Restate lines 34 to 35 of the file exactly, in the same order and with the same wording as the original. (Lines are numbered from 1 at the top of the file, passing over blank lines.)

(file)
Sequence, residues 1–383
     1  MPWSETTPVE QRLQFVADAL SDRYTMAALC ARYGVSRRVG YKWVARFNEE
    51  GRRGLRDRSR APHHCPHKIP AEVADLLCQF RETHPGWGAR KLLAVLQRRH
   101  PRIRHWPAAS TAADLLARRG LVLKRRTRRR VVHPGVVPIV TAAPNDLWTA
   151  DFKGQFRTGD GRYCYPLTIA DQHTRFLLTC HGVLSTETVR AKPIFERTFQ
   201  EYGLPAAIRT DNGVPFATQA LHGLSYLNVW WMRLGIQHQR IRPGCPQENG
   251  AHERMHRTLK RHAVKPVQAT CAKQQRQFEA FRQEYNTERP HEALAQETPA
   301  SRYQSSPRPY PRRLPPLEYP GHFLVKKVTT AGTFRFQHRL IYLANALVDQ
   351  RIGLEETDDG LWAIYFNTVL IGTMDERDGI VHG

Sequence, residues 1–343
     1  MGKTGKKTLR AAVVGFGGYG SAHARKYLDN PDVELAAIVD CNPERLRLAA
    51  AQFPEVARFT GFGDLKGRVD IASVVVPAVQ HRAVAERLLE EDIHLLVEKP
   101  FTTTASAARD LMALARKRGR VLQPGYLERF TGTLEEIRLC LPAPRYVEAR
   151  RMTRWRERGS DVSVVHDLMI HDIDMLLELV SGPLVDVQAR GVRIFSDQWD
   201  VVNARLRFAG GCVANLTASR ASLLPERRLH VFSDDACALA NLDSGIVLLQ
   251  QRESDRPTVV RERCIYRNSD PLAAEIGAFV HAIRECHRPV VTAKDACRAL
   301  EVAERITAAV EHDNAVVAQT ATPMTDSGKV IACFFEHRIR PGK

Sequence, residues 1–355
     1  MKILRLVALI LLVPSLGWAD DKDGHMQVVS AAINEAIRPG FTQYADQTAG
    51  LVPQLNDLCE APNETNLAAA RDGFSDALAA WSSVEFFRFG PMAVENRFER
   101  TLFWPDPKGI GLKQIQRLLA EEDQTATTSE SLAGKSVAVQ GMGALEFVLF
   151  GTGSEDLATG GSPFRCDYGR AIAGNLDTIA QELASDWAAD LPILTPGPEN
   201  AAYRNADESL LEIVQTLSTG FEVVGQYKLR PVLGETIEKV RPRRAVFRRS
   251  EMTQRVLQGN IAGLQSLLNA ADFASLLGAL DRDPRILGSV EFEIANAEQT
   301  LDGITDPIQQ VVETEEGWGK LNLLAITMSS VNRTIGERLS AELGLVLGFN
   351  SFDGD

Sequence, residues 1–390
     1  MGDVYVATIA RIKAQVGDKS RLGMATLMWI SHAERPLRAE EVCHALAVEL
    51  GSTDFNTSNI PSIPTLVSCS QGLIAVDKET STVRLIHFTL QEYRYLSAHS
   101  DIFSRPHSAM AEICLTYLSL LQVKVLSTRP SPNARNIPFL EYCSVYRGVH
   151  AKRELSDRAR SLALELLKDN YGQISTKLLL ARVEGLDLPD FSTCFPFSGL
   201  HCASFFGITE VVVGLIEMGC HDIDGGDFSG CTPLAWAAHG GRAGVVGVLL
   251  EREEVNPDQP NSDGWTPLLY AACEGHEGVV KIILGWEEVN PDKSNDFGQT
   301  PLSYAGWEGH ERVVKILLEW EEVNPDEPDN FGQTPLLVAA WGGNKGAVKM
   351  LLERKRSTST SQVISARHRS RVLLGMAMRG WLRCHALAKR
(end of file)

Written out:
   301  PLSYAGWEGH ERVVKILLEW EEVNPDEPDN FGQTPLLVAA WGGNKGAVKM
   351  LLERKRSTST SQVISARHRS RVLLGMAMRG WLRCHALAKR